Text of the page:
Ordination.09.St. George’s, Austin
As we ordain Darla today,
we clothe her with the church’s authority
to offer a special kind of ministry;
and we invoke the Holy Spirit upon her
empowering her to do that ministry.
But what is it? What is this ministry she is to do?
There is an expression we still sometimes hear.
It’s a relic from the old days of Canon 9.
We sometimes say this priest is a “mere sacramentalist.”
That language has now been repudiated in Total Ministry circles.
It’s been repudiated because experience taught us
that isn’t really what happens.
There are two ways the Church has tried to make “mere sacramentalists.”
One is in big city Roman Catholic parishes.
A priest shows up early on Sunday morning and says Mass
for a congregation, but he does not know their names.
He doesn’t know their stories or what is happening
in the lives of their parents and children.
He says Mass then leaves without shaking their hands,
and rushes off to the next place to do it again.
That is a mere sacramentalist, but it is an impoverished sacrament.
It lacks something.
It lacks the human connection of the priest with the people.
We have also tried to create mere sacramentalists
in towns where the priest lives among her people,
knows her people, and shares their lives.
There something quite different happens.
Let me tell you the story of one such priest.
Jean-Baptiste Vianney was a young man in 19th Century France.
His career prospects were not promising, because – to be frank –
Jean-Baptiste was not the sharpest knife in the drawer.
His family was at a loss for what to do with him,
but they had a card to play.
The Vianney family and the Bishop were old friends.
So they said to bishop,
“We have this boy who isn’t good at much.
Could you make a priest out of him?”
“Sure, no problem,” the Bishop said. “We are old friends.”
So off they sent Jean-Baptiste to seminary.
After two unsuccessful runs at that,
the professors wrote a letter to the bishop.
“Your grace,” they wrote, “we have tried,
and we have tried, and we have tried
with this young man.
But it is no use.
There is too much empty space between his ears.
We cannot educate him for priesthood.”
And the Bishop said,
“Ok, I am not surprised.
But his family and I go back a long way.
Here’s what we’ll do.
Just teach him how to say one mass.
Just show him how to hold his hands.
I’ll ordain him, but don’t worry.
I’ll send him to some remote village
where he cannot do much harm.”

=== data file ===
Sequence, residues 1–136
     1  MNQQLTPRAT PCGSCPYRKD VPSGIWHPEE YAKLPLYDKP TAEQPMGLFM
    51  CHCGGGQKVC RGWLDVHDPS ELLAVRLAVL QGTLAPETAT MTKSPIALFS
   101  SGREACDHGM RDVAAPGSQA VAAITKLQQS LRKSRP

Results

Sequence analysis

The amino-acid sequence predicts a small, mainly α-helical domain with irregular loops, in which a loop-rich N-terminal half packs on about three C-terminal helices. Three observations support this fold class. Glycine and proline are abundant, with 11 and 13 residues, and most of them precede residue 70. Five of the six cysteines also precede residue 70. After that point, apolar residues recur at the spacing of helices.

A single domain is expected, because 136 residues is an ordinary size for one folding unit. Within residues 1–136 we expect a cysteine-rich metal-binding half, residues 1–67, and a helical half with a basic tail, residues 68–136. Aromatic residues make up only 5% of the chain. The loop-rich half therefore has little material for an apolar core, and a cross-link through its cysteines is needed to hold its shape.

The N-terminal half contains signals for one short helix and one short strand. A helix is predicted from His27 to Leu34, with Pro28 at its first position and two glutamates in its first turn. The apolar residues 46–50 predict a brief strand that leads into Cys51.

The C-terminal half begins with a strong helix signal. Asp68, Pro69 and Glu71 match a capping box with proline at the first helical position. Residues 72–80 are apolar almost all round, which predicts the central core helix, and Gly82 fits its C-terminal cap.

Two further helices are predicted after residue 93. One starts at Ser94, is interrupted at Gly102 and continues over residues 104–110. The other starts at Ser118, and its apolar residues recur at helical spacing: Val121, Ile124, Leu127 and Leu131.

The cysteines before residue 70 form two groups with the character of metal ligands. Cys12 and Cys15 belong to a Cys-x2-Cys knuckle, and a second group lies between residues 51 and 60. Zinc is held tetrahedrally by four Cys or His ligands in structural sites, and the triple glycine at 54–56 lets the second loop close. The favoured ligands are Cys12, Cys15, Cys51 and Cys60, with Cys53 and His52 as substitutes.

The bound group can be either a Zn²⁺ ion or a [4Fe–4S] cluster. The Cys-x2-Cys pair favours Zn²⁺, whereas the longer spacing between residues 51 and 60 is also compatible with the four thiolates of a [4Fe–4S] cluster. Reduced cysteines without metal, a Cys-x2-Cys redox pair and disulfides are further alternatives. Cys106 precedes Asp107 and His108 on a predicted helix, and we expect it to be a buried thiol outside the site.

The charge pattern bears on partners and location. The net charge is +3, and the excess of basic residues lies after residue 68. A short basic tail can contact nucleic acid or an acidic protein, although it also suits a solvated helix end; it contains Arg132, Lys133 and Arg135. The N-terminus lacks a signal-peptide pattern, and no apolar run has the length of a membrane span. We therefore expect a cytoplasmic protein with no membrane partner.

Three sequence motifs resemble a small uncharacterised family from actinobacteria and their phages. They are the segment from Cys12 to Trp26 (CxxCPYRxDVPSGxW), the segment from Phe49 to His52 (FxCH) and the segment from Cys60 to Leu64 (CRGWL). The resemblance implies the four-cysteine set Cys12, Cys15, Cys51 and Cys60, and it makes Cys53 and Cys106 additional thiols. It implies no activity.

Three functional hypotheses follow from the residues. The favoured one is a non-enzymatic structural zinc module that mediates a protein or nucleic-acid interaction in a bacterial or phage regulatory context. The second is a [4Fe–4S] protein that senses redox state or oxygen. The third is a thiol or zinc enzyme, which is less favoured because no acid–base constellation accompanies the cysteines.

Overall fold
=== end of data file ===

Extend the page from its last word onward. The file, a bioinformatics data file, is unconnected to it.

And that’s what they did.
He was sent to the village of Ars to be a mere sacramentalist.
But it did not go according to plan.
He celebrated his one basic Mass with such deep reverence
- he listened to his people with such genuine concern
- -- he spoke with such simple, humble honesty
- that the villagers experienced him as holy.
Although it was quite a way to the next village, word spread.
People began coming from the countryside to visit him.
Then they began to come from all over France
to tell him their stories and to hear his words.
Now about his words, I have read them.
I have read his sermons.
They are – ok. They are a C+.
But he meant what he said and that’s what counted.
Once a pilgrim travelled from the farthest corner of France
to visit Ars and when he got back home,
What did you get out of it?”
He answered, “I saw God in the face of a man.”
So the Church tried to create a mere sacramentalist
who would not do much harm.
Instead, they got the Cure d’Ars,
Blessed Jean-Baptiste Vianney,
the patron saint of parish priests.
Nevada has had some of that experience.
The folks we ordained under Canon 9 were more gifted than Vianney.
That’s not the similarity.
What is similar is that we ordained them to be mere sacramentalists.
But the people in the pews saw through that non-sense.
The people in the pews recognized the sanctity
of Jean Orr, Judson Calhoun, Estelle Shanks, and the rest.
Any priest who stands at this altar like Elijah at Mt. Carmel,
to call down the fire of the Holy Spirit upon our offering,
will herself be scorched with holiness.
And with that holiness, comes a certain authority.
It will not do to pretend it is not there.
If we pretend it is not there, the flock
will be without a shepherd.
And it is likely that the authority will creep in unconsciously,
indirectly, and do actual harm.
I hope for Darla what I hope for all of our priests
-- that she will accept and wisely use the authority
of her office and her vocation
for the good of God’s people here in Austin.
I hope she will be a servant leader.
A servant leader doesn’t do all the work.
A servant leader doesn’t rule, doesn’t make all the decisions.
A servant leader listens, nurtures, and encourages others
to do God’s mission.
A servant leader helps other people to become servant leaders.
Someone said, “A servant leader is a person of character
who puts people first.”
She does not dominate. She inspires and encourages.
She does not exercise power. She empowers others.
The priesthood carries an inescapable authority.
But it is not the authority to give orders.
It is the authority to give permission to those
who cannot give it to themselves.
It is the authority to call forth worship leaders, eucharistic visitors,
teachers, healers, evangelists, and church gardeners.
The church is the Body of Christ, the Temple of the Holy Spirit.
We build up the Church by building up the people.
That’s the authority of the priest – the authority to build up.
Paul said it to the Thessalonians,
“Encourage one another and build each other up.”
That is the ministry we entrust to Darla today,
to gather the scattered,
to bring out the best in God’s people here,
to make them stronger, freer lovers of God
and of each other.
In that ministry, God is truly glorified.